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With a New UN Resolution Approved, More Aid Could Get Inside Syria


Valerie Amos, UN humanitarian aid chief
Valerie Amos, the UN’s humanitarian aid chief. Her agency may now be able to reach besieged areas in Syria without the government’s consent.

Attempting a second time this year to ease the humanitarian catastrophe in Syria as a result of its three-year civil war and no political solution in sight, the United Nations Security Council has displayed a rare unified front on the matter by passing a resolution to better ensure that aid can get through conflict lines as well as four designated border crossings — from neighboring Turkey, Iraq and Jordan — into the country without Syria’s consent.

At least 10.8 million people urgently need help, with almost half of them subsisting in hard-to-reach zones, the UN says.

“This resolution is aimed at getting aid through the four border crossings specified to nearly three million people who have not had secure food supplies or access to basic healthcare for many months,” Ban Ki-moon, the UN secretary-general, said.

The resolution requires that UN personnel monitor the content of aid convoys passing through the four identified cross-border zones, which remain out of the Syrian government’s control, to ensure that only lifesaving goods get inside the country and nothing militaristic. The monitors must report to the council in six months regarding their work.

Resolution 2165 was sponsored by Australia, Jordan and Luxembourg, all elected council members, who negotiated the draft with the permanent members over five weeks, representing a hard-won gain despite extensive back-and-forth discussions with Russia, Syria’s closest national ally and a veto power. It is not an enforceable resolution, however, with Chapter VII mandates allowing sanctions, if necessary, or the use of force.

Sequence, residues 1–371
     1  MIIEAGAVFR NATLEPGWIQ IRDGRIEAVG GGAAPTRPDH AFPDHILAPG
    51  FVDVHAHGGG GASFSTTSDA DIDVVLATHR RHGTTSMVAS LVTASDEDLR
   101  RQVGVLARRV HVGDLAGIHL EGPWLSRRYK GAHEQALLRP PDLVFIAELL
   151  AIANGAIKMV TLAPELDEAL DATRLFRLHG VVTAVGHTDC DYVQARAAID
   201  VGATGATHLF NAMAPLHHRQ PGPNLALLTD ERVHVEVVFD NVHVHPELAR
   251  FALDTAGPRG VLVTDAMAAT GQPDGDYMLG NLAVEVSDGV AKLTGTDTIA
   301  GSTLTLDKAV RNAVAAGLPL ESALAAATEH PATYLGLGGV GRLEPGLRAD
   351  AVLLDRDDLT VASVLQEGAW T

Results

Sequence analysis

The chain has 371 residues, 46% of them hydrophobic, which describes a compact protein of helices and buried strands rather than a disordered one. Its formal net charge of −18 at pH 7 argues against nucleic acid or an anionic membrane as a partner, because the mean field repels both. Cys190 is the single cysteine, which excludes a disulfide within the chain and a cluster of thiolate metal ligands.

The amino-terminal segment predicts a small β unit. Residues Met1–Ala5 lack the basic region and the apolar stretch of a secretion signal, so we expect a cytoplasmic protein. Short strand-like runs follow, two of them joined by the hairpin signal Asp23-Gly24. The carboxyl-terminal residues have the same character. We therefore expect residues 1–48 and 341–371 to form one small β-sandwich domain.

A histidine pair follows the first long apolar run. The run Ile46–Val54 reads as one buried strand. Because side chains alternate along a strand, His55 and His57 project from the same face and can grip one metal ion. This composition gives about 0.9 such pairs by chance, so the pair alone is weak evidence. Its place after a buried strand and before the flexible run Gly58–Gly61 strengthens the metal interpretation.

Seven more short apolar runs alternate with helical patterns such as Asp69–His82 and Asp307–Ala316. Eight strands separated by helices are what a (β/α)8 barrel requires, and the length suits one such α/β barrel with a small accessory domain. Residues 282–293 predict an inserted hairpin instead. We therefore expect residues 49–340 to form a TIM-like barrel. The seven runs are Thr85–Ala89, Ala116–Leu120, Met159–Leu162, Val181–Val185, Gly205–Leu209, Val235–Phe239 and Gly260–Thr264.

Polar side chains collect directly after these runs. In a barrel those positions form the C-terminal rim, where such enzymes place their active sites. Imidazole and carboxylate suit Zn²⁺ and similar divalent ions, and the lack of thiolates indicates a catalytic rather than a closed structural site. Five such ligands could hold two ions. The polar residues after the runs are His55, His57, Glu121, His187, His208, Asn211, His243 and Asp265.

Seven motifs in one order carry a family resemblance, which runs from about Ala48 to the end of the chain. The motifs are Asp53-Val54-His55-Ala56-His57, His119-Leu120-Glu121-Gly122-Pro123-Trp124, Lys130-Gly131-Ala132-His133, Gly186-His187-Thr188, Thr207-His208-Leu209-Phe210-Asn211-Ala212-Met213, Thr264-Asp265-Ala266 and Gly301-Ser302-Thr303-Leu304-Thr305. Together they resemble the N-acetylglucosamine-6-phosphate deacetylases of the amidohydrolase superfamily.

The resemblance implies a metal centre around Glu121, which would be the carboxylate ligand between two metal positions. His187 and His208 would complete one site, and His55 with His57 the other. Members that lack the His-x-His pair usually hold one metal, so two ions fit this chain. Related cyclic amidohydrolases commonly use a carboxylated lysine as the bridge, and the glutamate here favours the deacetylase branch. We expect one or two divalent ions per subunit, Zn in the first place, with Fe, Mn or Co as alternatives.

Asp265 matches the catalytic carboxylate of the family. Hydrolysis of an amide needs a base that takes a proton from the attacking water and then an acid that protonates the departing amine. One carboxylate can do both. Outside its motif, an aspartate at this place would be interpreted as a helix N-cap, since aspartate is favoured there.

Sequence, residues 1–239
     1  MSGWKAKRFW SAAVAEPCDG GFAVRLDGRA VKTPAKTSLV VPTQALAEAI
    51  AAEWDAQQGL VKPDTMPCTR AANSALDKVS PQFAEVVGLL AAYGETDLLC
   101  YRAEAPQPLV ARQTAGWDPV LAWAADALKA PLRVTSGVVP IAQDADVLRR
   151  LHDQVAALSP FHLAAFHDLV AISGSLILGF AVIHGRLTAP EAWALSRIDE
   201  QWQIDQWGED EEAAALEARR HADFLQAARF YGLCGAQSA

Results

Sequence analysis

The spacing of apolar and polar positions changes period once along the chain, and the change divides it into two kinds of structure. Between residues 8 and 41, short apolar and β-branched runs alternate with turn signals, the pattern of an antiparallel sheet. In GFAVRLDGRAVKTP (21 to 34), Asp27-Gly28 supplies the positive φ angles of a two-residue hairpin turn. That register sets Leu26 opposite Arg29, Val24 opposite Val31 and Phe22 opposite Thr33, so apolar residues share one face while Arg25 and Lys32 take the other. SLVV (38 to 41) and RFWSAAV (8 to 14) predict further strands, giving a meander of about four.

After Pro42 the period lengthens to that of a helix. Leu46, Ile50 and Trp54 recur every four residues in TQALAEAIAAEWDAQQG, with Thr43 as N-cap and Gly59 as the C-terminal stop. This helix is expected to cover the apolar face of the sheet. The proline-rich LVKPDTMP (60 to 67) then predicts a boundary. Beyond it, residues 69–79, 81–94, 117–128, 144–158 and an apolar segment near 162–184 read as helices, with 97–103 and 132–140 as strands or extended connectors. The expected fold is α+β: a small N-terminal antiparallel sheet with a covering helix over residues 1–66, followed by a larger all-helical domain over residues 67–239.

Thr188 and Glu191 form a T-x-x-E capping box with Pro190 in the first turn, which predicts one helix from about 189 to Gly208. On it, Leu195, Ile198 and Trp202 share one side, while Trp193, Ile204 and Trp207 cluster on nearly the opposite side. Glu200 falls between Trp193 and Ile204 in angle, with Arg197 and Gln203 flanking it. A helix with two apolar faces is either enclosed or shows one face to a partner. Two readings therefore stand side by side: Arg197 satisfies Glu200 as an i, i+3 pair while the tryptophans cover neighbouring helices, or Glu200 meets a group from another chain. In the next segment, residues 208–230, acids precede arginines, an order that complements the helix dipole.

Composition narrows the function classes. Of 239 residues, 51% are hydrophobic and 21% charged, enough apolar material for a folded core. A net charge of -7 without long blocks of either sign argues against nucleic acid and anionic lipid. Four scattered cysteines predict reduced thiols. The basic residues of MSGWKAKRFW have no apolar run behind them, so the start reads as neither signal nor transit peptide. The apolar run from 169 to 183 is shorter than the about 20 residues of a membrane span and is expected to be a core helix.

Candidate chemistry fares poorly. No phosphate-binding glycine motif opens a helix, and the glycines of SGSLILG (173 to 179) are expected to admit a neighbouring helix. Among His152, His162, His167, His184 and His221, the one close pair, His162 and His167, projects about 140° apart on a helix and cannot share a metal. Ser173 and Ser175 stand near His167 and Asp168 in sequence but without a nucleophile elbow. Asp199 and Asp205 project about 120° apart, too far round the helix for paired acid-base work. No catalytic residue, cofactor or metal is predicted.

A previous resolution, No. 2139, passed in February, was also meant to assure that humanitarian aid got to people in besieged and other blocked areas of Syria unhindered, but it contained no enforcement steps and deliveries had to be approved by the Syrian government, which took advantage of the resolution’s weaknesses by virtually stopping the flow of  basic food staples and medical supplies across border regions. Ban called such action a violation of international humanitarian law.

The problem with some of the new designated border crossings, Syria contended, is that they are controlled by extremist forces, like the Islamic State of Iraq and Syria (ISIS), which is operating in parts of Iraq and could complicate the passage of humanitarian goods. The UN monitoring team being put in place is supposed to address this concern, but it could be difficult, since Syria says the team will have to work with ISIS.